Watch Rose Ayling-Ellis read Kara Navolio's Everybody Can Dance! on BBC's CBeebies Bedtime Stories program.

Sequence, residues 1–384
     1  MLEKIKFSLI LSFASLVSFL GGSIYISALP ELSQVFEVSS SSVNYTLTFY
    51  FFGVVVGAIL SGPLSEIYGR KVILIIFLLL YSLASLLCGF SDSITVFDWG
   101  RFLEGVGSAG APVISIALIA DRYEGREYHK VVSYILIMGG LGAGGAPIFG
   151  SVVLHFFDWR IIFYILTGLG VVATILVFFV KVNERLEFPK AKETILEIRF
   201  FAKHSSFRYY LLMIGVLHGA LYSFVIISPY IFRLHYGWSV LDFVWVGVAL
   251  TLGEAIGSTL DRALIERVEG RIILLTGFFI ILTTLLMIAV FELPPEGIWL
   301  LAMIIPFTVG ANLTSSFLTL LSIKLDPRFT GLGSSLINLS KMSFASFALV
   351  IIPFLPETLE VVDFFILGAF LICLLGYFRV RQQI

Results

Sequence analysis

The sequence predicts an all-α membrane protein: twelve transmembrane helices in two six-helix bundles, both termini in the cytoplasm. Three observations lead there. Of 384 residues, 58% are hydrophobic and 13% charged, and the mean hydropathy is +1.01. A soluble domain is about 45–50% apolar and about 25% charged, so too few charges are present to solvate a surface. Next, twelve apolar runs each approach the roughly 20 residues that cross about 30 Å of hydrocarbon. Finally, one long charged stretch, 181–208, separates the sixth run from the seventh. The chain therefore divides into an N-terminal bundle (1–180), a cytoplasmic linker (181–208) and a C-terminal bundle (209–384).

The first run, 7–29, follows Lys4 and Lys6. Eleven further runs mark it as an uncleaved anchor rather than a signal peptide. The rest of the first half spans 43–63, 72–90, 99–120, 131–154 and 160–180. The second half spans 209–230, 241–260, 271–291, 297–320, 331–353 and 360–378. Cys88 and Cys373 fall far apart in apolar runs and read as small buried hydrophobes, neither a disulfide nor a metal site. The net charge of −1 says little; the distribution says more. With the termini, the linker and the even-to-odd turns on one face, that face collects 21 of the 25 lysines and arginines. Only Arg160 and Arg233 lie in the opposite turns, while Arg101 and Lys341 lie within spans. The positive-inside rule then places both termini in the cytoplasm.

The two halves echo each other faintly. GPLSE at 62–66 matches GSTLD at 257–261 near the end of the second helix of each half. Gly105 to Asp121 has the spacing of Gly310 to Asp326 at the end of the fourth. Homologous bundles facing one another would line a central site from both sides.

During a recent marketing session on accruing book reviews, I encouraged authors to build business relationships with booksellers, reviewers, and media. In response, attendees asked one key question: How can a relatively unknown author compete with major marketing firms, big publishing houses, and PR companies, all of which have deep pockets and established connections with media and booksellers? One way to achieve success in the face of this seemingly overwhelming competition is by using an old-school method that has recently lost favor, especially among younger authors. While it's true that in today's world, book marketing happens largely via email and online contact forms, this alternative approach can still see success: making connections with editors and reviewers via phone calls, or even in-person visits. Authors might make these connections with smaller, local media outlets rather than with a major publication like the Washington Post or the New York Times—but at the same time, the editor of a smaller publication may be more likely to write a review. Authors who do their research to learn what genres a reviewer is interested in and the titles he or she is currently reviewing are more likely to receive a coveted "Yes!" to their requests. I also challenge authors to invite local or even national celebrities, corporate leaders, and other influencers outside the book world to write and post reviews for their book on Amazon and other major retailers' websites. Such reviews can be persuasive—sometimes more so than reviews from lesser-known reviewers in the publishing industry. Authors can establish connections with these reviewers in the same way one builds any relationship: saying hello, making conversation, and being friendly and excited about their ideas, fields, and books. Authors have to be bold and courageous in these efforts. They also have to wear their armor when they do this—because for every success, some rejection is inevitable. Busy and overwhelmed bookstore owners will turn you away; an executive's secretary may refuse to connect you to the CEO; an editor may be rude—but on occasion, you might be fortunate enough to reach the right person at the right time. Ultimately, depending solely on social media or emails to spread the word about your book may not be enough. To give your book the best chance, you have to take risks and challenge yourself to reach out to people you never imagined contacting. Stand strong, and be endlessly persistent—and you might just be surprised! written by Robert Pruett, publisher